There seems to be no more fertile area for statistical misinterpretation than with unemployment numbers.  We saw this last week with the monthly jobless report, in which a 0.4% drop in the topline unemployment rate occurred even though the economy only added 120,000 jobs, which would only cover the average population growth, while almost three times that number dropped out of the workforce.  Even the media didn’t really buy that as an improvement, and neither did voters, if one uses the Gallup tracking poll as a measure, and for good reason.

Today, we’re seeing a resurgence of a long-debunked myth with the latest report from the Department of Labor on weekly initial jobless claims.  The DoL reported a mild improvement in the level:

In the week ending December 3, the advance figure for seasonally adjusted initial claims was 381,000, a decrease of 23,000 from the previous week’s revised figure of 404,000. The 4-week moving average was 393,250, a decrease of 3,000 from the previous week’s revised average of 396,250.

The advance seasonally adjusted insured unemployment rate was 2.8 percent for the week ending November 26, a decrease of 0.2 percentage point from the prior week’s unrevised rate.

The advance number for seasonally adjusted insured unemployment during the week ending November 26 was 3,583,000, a decrease of 174,000 from the preceding week’s revised level of 3,757,000. The 4-week moving average was 3,667,250, a decrease of 20,500 from the preceding week’s revised average of 3,687,750.

We have been bouncing between 380K and 410K for the last several weeks, which is an improvement over the level we saw this summer of 420K or so.  However, this essentially brings us back to the level seen in Q1 before the impact that rising gas prices and the tsunamis in Japan had on the economy.  Not coincidentally, the overall economy has returned to about the same level of health, with a stagnation-level 2.0% GDP rate in Q3.  It’s an improvement, but only a marginal one, especially in the context of the continued exodus of working-age adults from the workforce and the lowest level of civilian participation in 30 years.

However, that still hasn’t kept media outlets from heralding the 400K level as an indicator of job growth, which is — as I have repeatedly shown — a myth.  Reuters offers a mild version of it in its report today, linking it to the jobless report from last week as a sign of momentum:

New claims for unemployment benefitsdropped to a nine-month low last week, a government report showed on Thursday, suggesting the labor market recovery was gaining momentum.

Initial claims for state unemployment benefits fell 23,000 to a seasonally adjusted 381,000, the Labor Department said, the lowest since late February. That was below economists’ expectations for a fall to 395,000.

The report, coming on the heels of data last week showing a rise in hiring and a sharp drop in the unemployment rate to 8.6 percent in November, pointed to some healing in a sector that has been the Achilles heel of the economy’s recovery.

Nowhere in this report does Reuters mention the decline in the labor force, which puts the context of the “drop” in unemployment in a completely different context.  National Journal goes a little farther, claiming that going below the 400K level brings the job market into a place where it can “dent” unemployment:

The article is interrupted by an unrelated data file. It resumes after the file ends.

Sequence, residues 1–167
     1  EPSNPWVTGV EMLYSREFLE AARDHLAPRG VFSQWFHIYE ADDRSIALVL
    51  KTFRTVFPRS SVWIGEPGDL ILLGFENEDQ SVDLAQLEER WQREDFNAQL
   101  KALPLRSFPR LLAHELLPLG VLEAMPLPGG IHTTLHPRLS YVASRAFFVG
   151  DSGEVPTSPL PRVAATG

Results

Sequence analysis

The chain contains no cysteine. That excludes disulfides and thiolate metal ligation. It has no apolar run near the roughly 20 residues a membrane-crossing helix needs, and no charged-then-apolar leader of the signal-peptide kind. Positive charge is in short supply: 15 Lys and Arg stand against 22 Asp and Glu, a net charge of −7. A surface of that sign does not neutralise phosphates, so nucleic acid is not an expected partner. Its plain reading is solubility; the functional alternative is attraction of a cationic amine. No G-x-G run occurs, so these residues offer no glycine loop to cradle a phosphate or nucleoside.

Economists had expected claims to drop from 402,000 to 395,000, according to Reuters. Instead, the previous week was revised up to 404,000 and claims fell by 23,000. The substantial drop puts them safely under the 400,000 level economists say they need to drop below to dent unemployment. The four-week moving average, a less volatile measure of claims, was also below that level at 393,250.

That is simply not so, at least not directly correlated to the 400K level.  If anyone needed a check on that, all we have to do is look at the unemployment rates from Q1 when we spent several weeks at the 380K level and the jobless rate never dropped below 9%.  Otherwise, we could take a look at the historical correlation between weekly jobless claims and job-growth levels, which show that we have to go much lower to indicate real job creation:

Take a look at the historical series of weekly claims between December 2005 and December 2007, the last time we really had “stability” in the labor force.  The highest number in that period was 355,000 in a week, and that was in December 2007 when the economy slid into recession. In fact, between January 2004 and January 2008, we had only two weeksof 400K-level weekly claims, both in September 2005, and they were very much the exception. The average for that four-year span is 326,735, and the median number is 324,000 — which is why I usually use the 325K number in my analyses.   We actually didn’t get to the 400K level until July 2008, at which point no one considered the labor market “stable.” …

Think I’m fudging those baseline expectatations by using the supposedly “overheated” Bush economic expansion?  Well, take a look at the same series for the four years between 1996 and 1999.  The average number of initial jobless claims per week in that period was 321,986, and the median was 317,500.  There was exactly one week of 400,000 or more claims in a week, and that took place in January 1996.

The 380K level has never been associated with positive “stability” in the job market or significant job growth, something one would think that the media would have figured out by now.